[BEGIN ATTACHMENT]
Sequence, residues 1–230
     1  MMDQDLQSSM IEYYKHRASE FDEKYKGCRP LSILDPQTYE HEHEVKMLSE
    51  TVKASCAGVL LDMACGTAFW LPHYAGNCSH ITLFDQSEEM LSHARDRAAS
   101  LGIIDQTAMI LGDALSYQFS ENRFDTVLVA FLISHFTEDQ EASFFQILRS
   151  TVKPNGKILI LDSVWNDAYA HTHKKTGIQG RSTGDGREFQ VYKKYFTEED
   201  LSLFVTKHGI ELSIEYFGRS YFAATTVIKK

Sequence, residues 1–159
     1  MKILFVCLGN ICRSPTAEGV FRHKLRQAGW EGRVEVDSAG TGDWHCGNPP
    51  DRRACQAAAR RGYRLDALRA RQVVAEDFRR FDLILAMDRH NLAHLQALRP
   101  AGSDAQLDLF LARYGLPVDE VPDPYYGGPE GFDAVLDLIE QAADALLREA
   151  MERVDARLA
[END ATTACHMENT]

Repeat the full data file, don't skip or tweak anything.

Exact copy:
Sequence, residues 1–230
     1  MMDQDLQSSM IEYYKHRASE FDEKYKGCRP LSILDPQTYE HEHEVKMLSE
    51  TVKASCAGVL LDMACGTAFW LPHYAGNCSH ITLFDQSEEM LSHARDRAAS
   101  LGIIDQTAMI LGDALSYQFS ENRFDTVLVA FLISHFTEDQ EASFFQILRS
   151  TVKPNGKILI LDSVWNDAYA HTHKKTGIQG RSTGDGREFQ VYKKYFTEED
   201  LSLFVTKHGI ELSIEYFGRS YFAATTVIKK

Sequence, residues 1–159
     1  MKILFVCLGN ICRSPTAEGV FRHKLRQAGW EGRVEVDSAG TGDWHCGNPP
    51  DRRACQAAAR RGYRLDALRA RQVVAEDFRR FDLILAMDRH NLAHLQALRP
   101  AGSDAQLDLF LARYGLPVDE VPDPYYGGPE GFDAVLDLIE QAADALLREA
   151  MERVDARLA